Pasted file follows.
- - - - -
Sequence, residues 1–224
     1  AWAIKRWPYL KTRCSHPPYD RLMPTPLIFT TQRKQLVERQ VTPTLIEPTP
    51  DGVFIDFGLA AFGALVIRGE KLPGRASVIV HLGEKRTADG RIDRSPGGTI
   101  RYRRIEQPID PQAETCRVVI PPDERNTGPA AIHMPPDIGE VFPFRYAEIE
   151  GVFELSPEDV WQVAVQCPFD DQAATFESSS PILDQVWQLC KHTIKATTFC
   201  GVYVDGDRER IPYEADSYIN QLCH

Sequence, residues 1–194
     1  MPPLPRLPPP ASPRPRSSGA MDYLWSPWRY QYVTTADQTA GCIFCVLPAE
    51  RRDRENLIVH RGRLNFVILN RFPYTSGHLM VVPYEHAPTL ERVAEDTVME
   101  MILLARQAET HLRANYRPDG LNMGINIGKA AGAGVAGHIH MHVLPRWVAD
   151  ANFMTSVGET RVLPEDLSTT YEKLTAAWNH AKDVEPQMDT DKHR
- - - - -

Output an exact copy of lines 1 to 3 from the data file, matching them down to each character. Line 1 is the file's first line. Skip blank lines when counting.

Sequence, residues 1–224
     1  AWAIKRWPYL KTRCSHPPYD RLMPTPLIFT TQRKQLVERQ VTPTLIEPTP
    51  DGVFIDFGLA AFGALVIRGE KLPGRASVIV HLGEKRTADG RIDRSPGGTI